Evelyn Scott was born Elsie Dunn (her change of name is explained later) on 17th January 1893 in Clarksville, Tennessee to Maude Thomas, from an established Southern family, and Seely Dunn, a Yankee railwayman. Her earliest years were spent in the home of her mother’s Gracey cousins: the photo shows it at its height in the 1870s.
In 1956, she prepared a long document, addressed to her son, stipulating that it be preserved with her will and handed to him at her death. It is presented here as it summarises, in Evelyn’s own words, the years which precede the earliest of the letters which have been preserved.
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“I was born Elsie Dunn and so baptised at Trinity Episcopal Church, Clarksville, Tennessee, where the parish registry contains both the record of my baptism when an infant, and of the marriage of my father and mother, Maud Thomas and Seely Dunn, then of Clarksville. The date of my birth was Jan 17th, 1893. The date of the marriage of my parents was Feb 4th, 1892. My father was then twenty-one and was division superintendent of the Louisville and Nashville Railroad, his headquarters Clarksville. He was written up at the time in the Railway Age as the youngest division superintendent of any railroad in the world.
” When I was 3 years old, my father was promoted and became division superintendent of the L and NRR at Russellville, Kentucky. I lived in Russellville with my parents until I was nearly 7. We then moved to Evansville, Indiana, where I first attended School, a public school, and my father there, also, was Division Superintendent of the L and N, the job larger than his two previous ones, as Evansville was the office for a larger division. Not long after McKinley’s assassination, my father resigned in high standing from his position with the L and N, and we moved to St Louis, Missouri, where my mother and I resided while he went to Oklahoma and supervised the building of a new railroad, the Blackwell, Enid and Southwestern, of which, on its completion, he became Vice-President for the short time before it was sold, as had been originally hoped, to the Frisco System.
“He had become interested in railway building and promotion, and from Saint Louis, where we were between three and four years, and where I attended the Marquette Public School, earlier the home of my grandparents, Mr and Mrs Oliver Milo Dunn; my grandfather having been Superintendent of the L and N R R in my father’s earlier days. My father, while in Memphis in this period, was interested, with several men of greater wealth than he himself had amassed, in building a railroad to be a link between Memphis and Pensacola. I cannot remember whether it was to be called the Memphis, Pensacola and Gulf, or whether it was to rival that road, which may have already been built. A Colonel Pond was one of the promoters and my father and he quarrelled and the promotion scheme fell through; though my father, a few years later, took up a segment of the same general idea in connection with the promotion of a small road between New Orleans and Grand Isle, an island in the Gulf once famous as a summer resort.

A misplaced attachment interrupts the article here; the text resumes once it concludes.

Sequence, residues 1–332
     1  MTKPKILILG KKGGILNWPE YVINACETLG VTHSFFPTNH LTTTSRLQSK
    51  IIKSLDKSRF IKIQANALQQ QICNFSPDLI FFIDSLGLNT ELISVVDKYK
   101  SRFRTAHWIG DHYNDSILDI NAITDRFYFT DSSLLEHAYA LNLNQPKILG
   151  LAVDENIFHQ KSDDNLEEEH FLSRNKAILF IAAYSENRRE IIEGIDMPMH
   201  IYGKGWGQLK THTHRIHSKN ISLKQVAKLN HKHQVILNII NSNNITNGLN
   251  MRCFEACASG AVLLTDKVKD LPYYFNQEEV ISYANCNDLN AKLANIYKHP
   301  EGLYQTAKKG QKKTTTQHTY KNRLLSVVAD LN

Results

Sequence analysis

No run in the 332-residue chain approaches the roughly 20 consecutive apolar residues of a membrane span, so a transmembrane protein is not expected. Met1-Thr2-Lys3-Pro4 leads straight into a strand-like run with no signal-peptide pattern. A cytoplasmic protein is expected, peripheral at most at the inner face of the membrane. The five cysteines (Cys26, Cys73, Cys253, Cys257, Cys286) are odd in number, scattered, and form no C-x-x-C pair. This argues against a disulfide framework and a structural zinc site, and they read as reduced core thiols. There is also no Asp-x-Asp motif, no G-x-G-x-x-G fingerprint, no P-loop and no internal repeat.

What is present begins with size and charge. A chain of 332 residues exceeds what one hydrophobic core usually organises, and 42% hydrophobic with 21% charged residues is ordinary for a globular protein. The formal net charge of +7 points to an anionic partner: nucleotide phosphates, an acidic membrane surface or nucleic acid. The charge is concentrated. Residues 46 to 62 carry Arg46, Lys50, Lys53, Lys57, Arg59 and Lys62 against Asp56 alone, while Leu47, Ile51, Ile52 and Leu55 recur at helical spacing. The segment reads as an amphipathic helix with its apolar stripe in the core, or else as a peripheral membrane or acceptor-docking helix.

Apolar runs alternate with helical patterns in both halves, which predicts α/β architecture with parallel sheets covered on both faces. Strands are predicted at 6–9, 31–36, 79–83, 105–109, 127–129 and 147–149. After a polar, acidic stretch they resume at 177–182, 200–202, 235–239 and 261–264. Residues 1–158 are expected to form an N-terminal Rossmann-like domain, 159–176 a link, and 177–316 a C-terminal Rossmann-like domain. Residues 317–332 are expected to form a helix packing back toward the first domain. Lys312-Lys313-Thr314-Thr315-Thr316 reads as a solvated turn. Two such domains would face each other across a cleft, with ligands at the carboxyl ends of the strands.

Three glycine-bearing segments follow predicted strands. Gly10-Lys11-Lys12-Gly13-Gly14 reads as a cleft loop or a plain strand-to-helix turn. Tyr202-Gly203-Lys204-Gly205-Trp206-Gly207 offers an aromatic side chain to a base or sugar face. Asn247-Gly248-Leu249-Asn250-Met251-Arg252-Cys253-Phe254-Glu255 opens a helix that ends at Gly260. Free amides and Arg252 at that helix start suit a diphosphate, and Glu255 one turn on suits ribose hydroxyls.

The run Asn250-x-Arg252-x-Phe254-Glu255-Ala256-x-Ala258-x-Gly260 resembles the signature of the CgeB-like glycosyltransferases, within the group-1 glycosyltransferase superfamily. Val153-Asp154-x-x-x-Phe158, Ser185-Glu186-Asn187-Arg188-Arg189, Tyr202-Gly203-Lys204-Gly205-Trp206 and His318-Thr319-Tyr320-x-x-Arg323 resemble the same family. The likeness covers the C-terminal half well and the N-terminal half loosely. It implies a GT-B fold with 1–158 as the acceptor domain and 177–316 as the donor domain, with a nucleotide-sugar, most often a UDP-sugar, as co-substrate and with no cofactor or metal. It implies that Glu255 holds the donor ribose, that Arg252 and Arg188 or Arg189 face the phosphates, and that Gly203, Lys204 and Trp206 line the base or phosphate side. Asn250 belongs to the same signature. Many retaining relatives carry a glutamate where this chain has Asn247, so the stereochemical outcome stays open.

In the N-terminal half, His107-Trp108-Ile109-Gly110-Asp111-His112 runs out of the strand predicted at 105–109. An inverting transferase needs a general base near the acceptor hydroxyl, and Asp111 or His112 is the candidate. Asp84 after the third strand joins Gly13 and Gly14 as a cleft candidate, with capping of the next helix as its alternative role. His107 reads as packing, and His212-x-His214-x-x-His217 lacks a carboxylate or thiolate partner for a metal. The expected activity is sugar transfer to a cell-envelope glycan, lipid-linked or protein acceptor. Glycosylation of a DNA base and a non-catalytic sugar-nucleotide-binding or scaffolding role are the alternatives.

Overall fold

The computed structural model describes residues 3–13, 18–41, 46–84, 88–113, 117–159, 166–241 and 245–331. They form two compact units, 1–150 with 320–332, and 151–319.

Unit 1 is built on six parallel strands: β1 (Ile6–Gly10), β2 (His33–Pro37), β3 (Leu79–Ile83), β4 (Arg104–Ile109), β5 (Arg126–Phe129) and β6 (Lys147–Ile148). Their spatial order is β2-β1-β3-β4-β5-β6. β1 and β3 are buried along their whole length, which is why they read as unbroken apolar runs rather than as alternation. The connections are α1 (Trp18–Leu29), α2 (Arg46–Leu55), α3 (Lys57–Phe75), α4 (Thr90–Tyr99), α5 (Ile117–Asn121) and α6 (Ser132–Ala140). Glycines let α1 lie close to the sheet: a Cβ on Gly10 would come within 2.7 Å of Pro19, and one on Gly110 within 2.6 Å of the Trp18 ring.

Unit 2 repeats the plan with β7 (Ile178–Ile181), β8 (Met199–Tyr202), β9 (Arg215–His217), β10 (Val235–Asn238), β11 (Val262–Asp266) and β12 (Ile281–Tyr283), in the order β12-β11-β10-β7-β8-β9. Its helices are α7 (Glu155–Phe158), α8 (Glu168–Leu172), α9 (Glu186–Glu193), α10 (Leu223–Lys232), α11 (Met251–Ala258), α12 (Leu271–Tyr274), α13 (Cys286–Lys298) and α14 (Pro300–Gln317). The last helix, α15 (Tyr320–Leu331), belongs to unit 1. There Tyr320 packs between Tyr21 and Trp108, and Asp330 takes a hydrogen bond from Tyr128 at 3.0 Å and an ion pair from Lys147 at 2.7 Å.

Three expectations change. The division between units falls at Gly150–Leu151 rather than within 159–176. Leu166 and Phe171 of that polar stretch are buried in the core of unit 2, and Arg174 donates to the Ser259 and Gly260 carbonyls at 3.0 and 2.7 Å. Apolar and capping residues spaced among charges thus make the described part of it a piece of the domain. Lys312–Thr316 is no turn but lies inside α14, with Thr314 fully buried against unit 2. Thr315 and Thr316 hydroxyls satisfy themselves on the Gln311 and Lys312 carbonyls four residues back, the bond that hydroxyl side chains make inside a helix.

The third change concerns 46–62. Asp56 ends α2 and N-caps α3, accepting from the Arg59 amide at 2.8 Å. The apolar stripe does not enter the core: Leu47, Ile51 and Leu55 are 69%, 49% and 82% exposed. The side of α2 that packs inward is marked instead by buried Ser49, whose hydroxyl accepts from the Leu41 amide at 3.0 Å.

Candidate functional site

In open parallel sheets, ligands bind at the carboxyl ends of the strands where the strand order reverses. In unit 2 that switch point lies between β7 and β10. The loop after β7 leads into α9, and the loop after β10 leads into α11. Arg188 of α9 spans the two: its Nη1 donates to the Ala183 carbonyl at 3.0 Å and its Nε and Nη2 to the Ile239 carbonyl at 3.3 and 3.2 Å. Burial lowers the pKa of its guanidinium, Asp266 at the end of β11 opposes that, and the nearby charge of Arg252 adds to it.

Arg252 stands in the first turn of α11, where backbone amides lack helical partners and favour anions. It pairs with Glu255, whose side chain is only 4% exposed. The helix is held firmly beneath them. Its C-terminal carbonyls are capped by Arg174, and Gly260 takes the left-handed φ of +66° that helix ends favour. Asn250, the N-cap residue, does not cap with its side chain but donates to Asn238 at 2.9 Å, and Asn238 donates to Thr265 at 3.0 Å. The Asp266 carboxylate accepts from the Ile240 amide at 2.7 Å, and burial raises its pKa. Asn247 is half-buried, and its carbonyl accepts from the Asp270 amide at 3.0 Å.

“I, with my parents, were in Memphis more than a year, and I went to the Public School there, too, and completed the eighth grade. The school was near a Miss Sally Gentry’s where we boarded most of the time, but we were, also, briefly, boarding with a Mrs King. I did not like Memphis and I cannot remember even the name of the street in which we lived.
“From Memphis, I moved with my parents to New Orleans, then back to Memphis for a short period, and back to New Orleans, again. My father, I should add, was of Yankee birth, born in Toledo, Ohio, but his parents had come South for the L and N R R when my father was a child, and had lived successively in Pulaski, Tennessee, Mobile, Alabama, Memphis; my father having attended, in Mobile, the Mobile Military Academy.
“My grandfather Dunn—Oliver Milo Dunn—was, when we first moved to New Orleans, General Superintendent of the Southern Lines of the Illinois Central Railway; a position his for many, many years—about thirty-five years, as I remember it. He was born in Terre Haut, Indiana; his mother was English. Elizabeth Troubridge was her name. The Dunns had come to the USA somewhat earlier, and were from Manchester—I now speak of my great-grandparents on the Dunn side. My grandmother, on the paternal side, had been Harriet Seely, commonly called Hattie. She was born near New York City, in New Jersey. I think the place may be the one still known as Seely’s Mills, a hamlet. My grandmother Hattie Seely Dunn was of older American stock. Her mother was Harriet Marcy before her marriage, and when, in Evansville, my father belonged to the Sons of the American Revolution, the near kinship of the Marcy of the various forts, who had been minister to Spain for the USA and a Cabinet Minister under President Buchanan, was often referred to. My grandmother’s family on the Seely side was one well-known in New York and Massachusetts, many of the Seelys wealthy in the era of my childhood. However, I cannot remember, and have always lacked the money to have the family-tree re-traced, whether the Hutchinson killed at Bunker Hill from whom she was directly descended was a Marcy or a Seely. I do recollect, nonetheless, that he was a near relative—nephew? Younger brother? Of the last British Governor of Massachusetts.